And Reagan was astute enough and humble enough to tell Gorbachev that he can do it at his own pace and announce it for his own reasons – as long as he does it – and that Reagan would not claim credit for it, and would not gloat or embarrass Gorbachev. And that is what happened.
The Soviet dictators present as something out of ancient history even though it was just a few decades ago – the evil, the capriciousness, the insecurity they bred throughout the public. They were true believers, at first incredulous that anyone would want to leave their Communist paradise, and then offended beyond reason when so many did. The numbers fluctuated – from tens of thousands of emigrants in some years to hundreds in others. (That was based largely on politics, trade, pressure, and other events on the world scene.)
Above all, the mesirat nefesh (the self-sacrifice) of the Jews is exhilarating to re-visit. The Holocaust loomed over everything. Even so, people with little connection to Jewish life knew that once they applied for emigration, their lives would never again be the same – loss of job, sometimes residence, sometimes imprisonment, family disruption, divorce, alienation from children, internal exile, Siberia, labor camp, eavesdropping, KGB harassment, etc. And yet they did it, by the tens of thousands, and later by the hundreds of thousands.
And the Jews did not know from one day to the next year what would happen to them – why some people were released quickly and others not for many years. There was no rhyme or reason to the decisions, part of the mind control fostered by the dictatorship. Even Natan Sharansky, before he was released, was moved from his labor camp to Moscow for two weeks, and not told anything about what is happening to him until the night before he was flown out of the Soviet Union when he had to sign documents renouncing his Soviet citizenship. People lived in the dark, and in constant fear.
The courage and dedication were inspiring – and legendary. Sylva Zalmanson telling her sentencing judge that she will live in Israel someday, regardless of her sentence, and saying in Hebrew – while being reprimanded by the judge for speaking a foreign language – “If I forget Jerusalem, may my right hand wither…” Unforgettable.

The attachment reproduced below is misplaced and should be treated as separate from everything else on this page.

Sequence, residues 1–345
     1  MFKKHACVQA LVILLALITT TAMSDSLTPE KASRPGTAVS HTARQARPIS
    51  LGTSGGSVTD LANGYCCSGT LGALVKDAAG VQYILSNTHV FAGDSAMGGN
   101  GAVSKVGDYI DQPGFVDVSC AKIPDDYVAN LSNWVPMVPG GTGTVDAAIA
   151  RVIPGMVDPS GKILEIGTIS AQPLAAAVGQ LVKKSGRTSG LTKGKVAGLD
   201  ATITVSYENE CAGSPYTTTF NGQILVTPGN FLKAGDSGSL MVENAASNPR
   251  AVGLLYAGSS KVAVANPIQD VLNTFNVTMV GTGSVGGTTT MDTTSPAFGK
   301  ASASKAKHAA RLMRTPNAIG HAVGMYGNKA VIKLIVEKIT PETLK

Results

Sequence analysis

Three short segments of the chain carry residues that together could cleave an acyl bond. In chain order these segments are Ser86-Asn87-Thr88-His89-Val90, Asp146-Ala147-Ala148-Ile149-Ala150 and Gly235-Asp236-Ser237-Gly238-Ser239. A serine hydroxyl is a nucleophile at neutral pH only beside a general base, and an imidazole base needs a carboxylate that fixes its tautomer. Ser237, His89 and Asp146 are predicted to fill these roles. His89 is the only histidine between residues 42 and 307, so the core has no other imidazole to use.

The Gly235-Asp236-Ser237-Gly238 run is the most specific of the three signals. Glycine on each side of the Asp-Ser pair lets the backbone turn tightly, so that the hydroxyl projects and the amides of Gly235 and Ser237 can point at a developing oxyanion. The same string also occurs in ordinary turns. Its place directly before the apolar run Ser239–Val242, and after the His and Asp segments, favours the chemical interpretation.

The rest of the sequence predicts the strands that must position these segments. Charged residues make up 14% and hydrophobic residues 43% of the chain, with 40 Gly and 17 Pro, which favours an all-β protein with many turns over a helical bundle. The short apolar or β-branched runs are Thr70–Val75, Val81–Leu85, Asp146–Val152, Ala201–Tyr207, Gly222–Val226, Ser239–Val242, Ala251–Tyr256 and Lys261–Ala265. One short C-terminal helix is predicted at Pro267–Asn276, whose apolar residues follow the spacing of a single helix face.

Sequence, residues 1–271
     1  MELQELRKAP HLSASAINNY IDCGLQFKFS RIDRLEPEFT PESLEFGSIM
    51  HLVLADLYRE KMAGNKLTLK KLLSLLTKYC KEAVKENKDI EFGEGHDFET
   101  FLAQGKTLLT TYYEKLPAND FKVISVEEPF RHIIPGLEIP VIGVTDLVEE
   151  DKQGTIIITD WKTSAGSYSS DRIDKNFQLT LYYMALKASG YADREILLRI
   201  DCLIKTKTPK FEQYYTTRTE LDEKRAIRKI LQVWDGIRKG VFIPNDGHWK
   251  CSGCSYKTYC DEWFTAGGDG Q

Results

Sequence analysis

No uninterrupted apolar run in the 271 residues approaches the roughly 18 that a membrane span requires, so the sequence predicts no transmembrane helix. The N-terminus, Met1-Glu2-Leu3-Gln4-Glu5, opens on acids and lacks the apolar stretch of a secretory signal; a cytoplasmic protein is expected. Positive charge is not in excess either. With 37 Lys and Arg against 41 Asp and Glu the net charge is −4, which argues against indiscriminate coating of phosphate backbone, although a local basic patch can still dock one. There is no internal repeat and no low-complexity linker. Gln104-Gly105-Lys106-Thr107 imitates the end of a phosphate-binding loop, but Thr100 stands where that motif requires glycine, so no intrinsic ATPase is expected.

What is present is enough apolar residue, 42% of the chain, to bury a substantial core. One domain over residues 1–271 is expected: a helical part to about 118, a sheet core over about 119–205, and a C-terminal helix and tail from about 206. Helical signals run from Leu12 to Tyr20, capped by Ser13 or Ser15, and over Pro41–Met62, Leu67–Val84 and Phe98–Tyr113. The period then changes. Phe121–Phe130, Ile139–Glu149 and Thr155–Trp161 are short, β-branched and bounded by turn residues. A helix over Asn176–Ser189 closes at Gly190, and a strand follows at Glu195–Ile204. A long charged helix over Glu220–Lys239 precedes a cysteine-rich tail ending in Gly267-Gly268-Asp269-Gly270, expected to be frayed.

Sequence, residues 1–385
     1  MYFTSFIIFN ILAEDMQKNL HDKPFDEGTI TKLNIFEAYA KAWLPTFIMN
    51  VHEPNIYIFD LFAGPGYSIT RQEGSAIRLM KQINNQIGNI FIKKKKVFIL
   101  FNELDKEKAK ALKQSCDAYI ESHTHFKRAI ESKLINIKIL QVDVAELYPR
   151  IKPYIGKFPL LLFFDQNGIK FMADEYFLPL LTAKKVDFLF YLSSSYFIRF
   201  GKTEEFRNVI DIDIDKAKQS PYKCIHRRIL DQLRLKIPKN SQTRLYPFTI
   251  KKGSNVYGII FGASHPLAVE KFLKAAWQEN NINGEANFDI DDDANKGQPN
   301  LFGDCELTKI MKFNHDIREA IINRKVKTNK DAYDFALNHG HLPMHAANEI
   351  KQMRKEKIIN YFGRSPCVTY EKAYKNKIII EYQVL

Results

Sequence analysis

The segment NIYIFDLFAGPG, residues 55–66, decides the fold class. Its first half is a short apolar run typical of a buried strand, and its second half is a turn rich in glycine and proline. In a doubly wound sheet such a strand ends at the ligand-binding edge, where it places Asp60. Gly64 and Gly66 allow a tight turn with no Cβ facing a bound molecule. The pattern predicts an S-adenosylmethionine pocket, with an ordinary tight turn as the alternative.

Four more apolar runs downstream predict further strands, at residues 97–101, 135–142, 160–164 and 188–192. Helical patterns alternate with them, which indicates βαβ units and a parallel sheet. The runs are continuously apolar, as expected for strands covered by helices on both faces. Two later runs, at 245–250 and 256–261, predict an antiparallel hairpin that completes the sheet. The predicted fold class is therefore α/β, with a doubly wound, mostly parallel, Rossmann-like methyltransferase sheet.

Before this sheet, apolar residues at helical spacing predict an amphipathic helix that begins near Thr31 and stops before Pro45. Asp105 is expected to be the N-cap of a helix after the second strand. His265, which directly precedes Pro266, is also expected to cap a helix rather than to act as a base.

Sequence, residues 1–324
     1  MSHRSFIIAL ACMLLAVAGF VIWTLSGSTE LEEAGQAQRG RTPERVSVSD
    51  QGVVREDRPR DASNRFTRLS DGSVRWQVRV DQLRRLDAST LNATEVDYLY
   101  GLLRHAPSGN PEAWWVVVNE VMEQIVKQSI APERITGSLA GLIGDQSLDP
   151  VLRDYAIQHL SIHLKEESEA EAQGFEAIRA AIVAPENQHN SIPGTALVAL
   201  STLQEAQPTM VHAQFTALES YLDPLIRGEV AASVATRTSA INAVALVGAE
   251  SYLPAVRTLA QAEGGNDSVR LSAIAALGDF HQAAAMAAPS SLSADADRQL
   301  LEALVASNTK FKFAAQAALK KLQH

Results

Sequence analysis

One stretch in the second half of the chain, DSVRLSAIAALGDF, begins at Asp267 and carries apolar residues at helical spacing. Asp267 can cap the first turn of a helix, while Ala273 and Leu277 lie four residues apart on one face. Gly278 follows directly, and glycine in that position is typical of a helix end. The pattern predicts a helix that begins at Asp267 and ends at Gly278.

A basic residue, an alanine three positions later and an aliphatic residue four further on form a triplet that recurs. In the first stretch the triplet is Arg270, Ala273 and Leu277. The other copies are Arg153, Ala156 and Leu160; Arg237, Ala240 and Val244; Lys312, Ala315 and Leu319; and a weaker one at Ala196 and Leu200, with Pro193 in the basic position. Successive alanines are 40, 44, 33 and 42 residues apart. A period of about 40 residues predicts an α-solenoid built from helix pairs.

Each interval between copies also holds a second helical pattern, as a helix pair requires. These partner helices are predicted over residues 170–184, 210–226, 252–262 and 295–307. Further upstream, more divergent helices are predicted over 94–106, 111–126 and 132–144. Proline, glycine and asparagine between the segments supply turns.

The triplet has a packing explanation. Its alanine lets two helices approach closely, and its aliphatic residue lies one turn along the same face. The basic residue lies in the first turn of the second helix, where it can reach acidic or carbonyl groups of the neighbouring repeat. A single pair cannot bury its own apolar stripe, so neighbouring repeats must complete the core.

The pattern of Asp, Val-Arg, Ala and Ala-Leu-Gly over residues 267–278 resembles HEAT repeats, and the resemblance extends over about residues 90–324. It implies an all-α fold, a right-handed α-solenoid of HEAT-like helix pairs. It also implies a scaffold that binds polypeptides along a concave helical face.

The road out of exile has twelve bridges, but always requires self-sacrifice like that of Nachshon who jumped first into the water – before the Red Sea had split. Someone had to start and great things then happen. Ironically, the greatest despair among the refuseniks occurred in 1985 – right before Gorbachev changed his mind. They felt there was no hope, no future, all avenues blocked, and no options left. And then, G-d’s salvation came in the blink of an eye – “the heart of the king is in G-d’s hand” (Mishlei 21:1).
When we think of miracles and astonishing events in Jewish history – we need not go back 3700 years; 37 years also works. When the history of the ingathering of the exiles as was prophesied in the Torah is written, we can say we lived through it. We saw it up close, even if we didn’t fully appreciate it at the time. The exodus of Soviet Jews was unlikely at the time – and impossible to fathom in retrospect. It is no exaggeration to say that the Soviet Jewry movement brought down a mighty empire. It also brought American Jewry out of its shell, partly atoning for its silence during the Holocaust.
As in the original exodus, it was only at the end of the process of redemption that the people acknowledged G-d’s great hand. And we do today as well, even in this transition stage from exile to redemption. When we want to teach our children of heroes and heroines, of self-sacrifice, we need not go back millennia and centuries – decades will suffice. It is good for them to know that Jews – our contemporaries, people who still walk among us – sacrificed for Torah, for the Jewish people and for the land of Israel. And they inspire Jews even today.